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Using tens frames and counters across year groups

Tens frames provide a very clear representation of numbers up to 10. It cannot be overstated how important the sense of ‘ten-ness’ is for children and their future progress in maths. Once bonds to 10 are second-nature, the ground is laid for the understanding of addition and subtraction and the mental pictures needed for all kinds of mathematical thinking

Posted on Tuesday 15th September 2020

Fill a tens frame with two-colour counters and simply turn them over one at a time to demonstrate all the ways to make 10. Verbalise the number sentences together as children make them.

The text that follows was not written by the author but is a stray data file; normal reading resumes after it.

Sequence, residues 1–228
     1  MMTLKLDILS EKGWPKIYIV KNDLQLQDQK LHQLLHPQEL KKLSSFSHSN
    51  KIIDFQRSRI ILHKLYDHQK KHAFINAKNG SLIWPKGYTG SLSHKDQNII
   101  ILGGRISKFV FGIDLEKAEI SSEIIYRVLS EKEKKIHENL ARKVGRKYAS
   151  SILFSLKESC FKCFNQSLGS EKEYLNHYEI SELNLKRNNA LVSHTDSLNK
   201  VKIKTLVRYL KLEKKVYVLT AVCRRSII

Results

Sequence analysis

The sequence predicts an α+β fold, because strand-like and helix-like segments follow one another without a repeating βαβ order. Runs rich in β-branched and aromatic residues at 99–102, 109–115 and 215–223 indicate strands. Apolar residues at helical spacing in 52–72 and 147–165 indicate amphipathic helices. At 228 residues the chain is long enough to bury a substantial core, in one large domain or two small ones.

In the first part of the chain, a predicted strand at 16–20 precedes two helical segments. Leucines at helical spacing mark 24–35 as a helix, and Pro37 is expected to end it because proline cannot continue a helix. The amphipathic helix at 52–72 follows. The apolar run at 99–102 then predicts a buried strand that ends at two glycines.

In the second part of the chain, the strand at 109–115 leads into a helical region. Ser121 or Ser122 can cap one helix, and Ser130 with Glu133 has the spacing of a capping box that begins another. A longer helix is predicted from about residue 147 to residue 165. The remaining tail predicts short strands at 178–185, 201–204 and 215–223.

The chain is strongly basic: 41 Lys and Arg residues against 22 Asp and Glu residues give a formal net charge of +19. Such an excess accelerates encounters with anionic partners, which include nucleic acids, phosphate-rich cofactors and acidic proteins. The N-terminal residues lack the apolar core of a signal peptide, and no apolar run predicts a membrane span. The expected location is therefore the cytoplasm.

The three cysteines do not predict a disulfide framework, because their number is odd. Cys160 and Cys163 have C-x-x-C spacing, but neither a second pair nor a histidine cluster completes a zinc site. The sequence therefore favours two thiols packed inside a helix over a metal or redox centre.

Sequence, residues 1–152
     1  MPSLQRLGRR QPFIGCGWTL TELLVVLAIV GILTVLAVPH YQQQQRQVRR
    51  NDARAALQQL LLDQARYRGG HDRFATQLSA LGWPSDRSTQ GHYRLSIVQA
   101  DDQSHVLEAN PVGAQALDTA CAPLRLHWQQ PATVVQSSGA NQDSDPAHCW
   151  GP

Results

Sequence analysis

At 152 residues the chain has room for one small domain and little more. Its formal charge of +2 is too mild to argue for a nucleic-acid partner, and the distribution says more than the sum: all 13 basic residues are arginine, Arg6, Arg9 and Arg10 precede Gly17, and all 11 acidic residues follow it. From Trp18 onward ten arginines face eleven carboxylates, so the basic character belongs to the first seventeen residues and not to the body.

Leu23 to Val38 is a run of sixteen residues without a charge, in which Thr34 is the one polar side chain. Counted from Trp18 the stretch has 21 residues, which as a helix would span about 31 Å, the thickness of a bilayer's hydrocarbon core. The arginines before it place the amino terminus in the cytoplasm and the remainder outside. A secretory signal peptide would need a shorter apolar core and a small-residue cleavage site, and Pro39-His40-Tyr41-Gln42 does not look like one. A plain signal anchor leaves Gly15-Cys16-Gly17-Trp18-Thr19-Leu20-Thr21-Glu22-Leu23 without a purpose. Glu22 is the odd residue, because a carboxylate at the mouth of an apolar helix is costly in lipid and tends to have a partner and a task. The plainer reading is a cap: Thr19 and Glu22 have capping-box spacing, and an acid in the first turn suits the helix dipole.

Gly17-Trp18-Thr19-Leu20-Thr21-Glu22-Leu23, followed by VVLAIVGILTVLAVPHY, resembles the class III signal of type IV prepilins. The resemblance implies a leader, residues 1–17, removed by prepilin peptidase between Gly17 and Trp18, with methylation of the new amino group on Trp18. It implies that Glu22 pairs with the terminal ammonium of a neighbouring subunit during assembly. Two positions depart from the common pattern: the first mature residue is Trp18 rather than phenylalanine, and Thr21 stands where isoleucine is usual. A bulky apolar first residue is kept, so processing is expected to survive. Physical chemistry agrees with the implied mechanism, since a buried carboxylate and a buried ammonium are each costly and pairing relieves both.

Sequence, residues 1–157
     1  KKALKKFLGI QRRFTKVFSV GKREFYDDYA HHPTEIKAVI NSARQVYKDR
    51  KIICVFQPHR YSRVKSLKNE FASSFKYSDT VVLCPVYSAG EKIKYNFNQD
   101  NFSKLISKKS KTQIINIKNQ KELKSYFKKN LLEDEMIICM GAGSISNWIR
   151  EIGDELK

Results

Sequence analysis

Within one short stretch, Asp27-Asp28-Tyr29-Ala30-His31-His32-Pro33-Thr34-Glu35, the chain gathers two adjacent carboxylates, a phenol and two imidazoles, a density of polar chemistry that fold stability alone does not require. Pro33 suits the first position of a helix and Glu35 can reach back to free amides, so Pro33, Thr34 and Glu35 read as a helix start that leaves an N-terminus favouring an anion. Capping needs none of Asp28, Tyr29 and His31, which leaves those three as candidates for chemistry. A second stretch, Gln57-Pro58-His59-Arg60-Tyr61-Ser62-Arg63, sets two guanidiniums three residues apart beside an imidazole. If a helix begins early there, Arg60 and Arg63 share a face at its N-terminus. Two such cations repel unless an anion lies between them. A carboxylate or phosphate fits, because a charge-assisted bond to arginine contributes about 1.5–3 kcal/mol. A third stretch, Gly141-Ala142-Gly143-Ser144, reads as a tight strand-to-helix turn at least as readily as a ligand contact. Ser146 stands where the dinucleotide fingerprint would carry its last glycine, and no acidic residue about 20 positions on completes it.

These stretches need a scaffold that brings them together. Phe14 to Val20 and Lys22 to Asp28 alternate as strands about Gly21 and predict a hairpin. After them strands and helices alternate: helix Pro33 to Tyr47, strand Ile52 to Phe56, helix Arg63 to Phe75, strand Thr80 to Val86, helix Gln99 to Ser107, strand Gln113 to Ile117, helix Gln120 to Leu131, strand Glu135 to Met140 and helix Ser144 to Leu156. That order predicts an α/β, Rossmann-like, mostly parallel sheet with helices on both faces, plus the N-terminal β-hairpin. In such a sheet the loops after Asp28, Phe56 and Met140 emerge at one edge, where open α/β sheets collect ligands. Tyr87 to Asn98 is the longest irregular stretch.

Find more suggestions in our Ten Frames activity guide here.

Download activity cards

Two-colour counters are such a useful manipulative, and a bit thicker than ordinary counters, so especially good for smaller hands. They can be used in a variety of ways.

We have designed eight activity cards for children. They are free to download and can be used independently. Please print and laminate them for extended use.

Download activity cards

However, tens frames are not only useful for the youngest children; the DfE maths guidance (2020) shows how they can be used along with place value counters in older year groups too to give a concrete and visual representation of much higher numbers to the power of 10.

Here are a few more suggested uses for tens frames and/or counters across year groups.

Copy me!

The teacher or a child places a selection of counters on a tens frame and shows it to the group for 5-10 seconds, then hides it.

The group must remember the picture and repeat the pattern on their own individual boards. This can be made more or less difficult by using one or two colours, by how the counters are spaced and by reducing or extending the time given to look.

Who managed to get an exact match?